The mobile consumption of long-form journalism has become something of a trend lately. And where trends in journalism go, panel discussions are sure to follow.
There was one last month, which convened David Remnick, Ira Glass and other bold-faced geek names to discuss the intersection of technology and narrative storytelling. Another took place last night at New York's Housing Works bookstore. Several hundred crowded the stacks to hear four writers and editors from Rolling Stone--Jeff Goodell, Rob Sheffield, Brian Hiatt and Will Dana--discuss the role of longer-form writing in an increasingly miniaturized, just-in-time media scene.
The crowd was rapt: Mark Armstrong, creator of the influential long-form aggregator Longreads (which co-hosted the event), sat in the back taking notes on his MacBook Pro. Gawker honcho Nick Denton observed the panel from a perch near the front of the shop. Reuters staffer and round-the-clock Twitter presence Anthony DeRosa micro-blogged throughout.
"Is journalism going to survive the age of WikiLeaks, in this era where every secret, every fact is out there on the Internet for everyone to see?" asked Dana, Rolling Stone's managing editor. He answered his own question: "The format's going to change, whether it's on paper or a computer screen, aggregated or disaggregated ... [but] in this world of infinite information, it means there's an even greater need for quality information."
"People want stories," Goodell concurred. "There's a really human, elemental need to have a story about something."
And Rolling Stone has lately made a case for the power of storytelling in its own pages. Rolling Stone writer Michael Hastings' explosive June 2010 profile of now-retired Army Gen. Stanley McChrystal is up for a 2010 National Magazine Award in the reporting category. And Mark Boal's disturbing expose about U.S. soldiers murdering innocent civilians in Afghanistan has also stirred far-reaching debate.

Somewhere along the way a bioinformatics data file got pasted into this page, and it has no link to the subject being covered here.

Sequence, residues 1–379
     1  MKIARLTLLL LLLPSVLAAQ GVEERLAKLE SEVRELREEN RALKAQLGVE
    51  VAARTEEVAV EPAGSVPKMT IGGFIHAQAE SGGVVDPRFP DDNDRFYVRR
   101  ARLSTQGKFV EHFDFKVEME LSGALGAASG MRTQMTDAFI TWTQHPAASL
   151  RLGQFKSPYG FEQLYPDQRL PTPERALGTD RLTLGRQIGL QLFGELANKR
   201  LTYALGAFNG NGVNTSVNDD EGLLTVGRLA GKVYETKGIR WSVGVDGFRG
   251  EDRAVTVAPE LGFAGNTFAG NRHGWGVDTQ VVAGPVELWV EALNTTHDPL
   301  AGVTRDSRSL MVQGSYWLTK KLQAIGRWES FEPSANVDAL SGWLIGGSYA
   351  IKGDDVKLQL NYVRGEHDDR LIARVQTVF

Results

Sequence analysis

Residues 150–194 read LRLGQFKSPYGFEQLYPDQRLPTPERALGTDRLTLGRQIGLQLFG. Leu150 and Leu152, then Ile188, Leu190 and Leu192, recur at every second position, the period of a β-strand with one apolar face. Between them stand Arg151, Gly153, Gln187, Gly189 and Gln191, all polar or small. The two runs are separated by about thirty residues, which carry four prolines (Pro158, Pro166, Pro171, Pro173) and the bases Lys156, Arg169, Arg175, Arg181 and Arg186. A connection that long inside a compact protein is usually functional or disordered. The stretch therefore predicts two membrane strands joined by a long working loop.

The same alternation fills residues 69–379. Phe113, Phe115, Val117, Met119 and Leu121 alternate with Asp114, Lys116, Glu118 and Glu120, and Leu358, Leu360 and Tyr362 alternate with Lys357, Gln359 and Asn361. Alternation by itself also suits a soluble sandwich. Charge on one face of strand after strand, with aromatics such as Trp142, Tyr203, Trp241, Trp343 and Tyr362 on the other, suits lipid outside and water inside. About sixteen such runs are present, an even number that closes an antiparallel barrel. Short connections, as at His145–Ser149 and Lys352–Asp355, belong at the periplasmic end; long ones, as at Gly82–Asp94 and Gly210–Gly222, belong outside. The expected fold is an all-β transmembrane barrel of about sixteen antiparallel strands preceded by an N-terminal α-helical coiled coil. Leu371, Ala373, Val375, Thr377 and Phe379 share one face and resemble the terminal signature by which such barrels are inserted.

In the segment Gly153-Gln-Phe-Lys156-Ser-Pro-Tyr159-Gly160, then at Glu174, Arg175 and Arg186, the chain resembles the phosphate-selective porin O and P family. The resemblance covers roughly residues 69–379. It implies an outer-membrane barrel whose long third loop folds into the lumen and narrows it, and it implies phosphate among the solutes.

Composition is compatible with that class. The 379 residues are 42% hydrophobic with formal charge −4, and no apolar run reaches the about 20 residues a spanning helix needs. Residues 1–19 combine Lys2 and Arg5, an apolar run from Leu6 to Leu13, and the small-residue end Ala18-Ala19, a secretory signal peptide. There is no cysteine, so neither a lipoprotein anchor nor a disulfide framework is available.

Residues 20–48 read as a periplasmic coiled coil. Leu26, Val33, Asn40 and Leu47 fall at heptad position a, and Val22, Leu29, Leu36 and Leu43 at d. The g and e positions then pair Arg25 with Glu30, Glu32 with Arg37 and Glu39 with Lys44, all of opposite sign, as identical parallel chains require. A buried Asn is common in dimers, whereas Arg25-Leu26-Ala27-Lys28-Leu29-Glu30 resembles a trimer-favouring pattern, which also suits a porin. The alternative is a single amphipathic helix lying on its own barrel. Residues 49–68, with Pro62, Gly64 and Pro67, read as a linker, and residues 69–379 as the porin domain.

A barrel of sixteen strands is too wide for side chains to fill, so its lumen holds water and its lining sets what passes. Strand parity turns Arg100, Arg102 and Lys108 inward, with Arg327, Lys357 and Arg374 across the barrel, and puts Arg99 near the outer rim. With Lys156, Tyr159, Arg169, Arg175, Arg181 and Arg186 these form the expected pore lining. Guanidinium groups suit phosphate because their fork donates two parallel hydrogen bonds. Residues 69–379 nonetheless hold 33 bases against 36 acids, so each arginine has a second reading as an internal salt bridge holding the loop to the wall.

At least some panelists suggested that long-form writing has become more, not less, important under the tyrannical reign of the 24-hour news cycle. The effort to deliver the news instantaneously also creates important narrative openings, Goodell suggested: "It leaves huge holes all the time," said Goodell. "It's like, Oh well, that story's over ... let's move on to the next thing."
"It leaves out so many of the important facts that you need to know to actually understand" a story, Dana added. "We saw this last year with the oil spill, where the media and the White House decided on this one narrative that was leaving out massive parts of the story. ... Once that kind of consensus gets formed in the first 24 or 48 hours, a lot of the media just kind of embroiders that bit, and the additional facts that they bring into the story are really only ones that confirm or fill out the narrative as it formed immediately. So I think there's a tremendous amount of opportunity for long-form."
Asked how he could be so sure of that, Dana hedged.
"I just think we have to have a basic faith that quality will win out in the end," he said.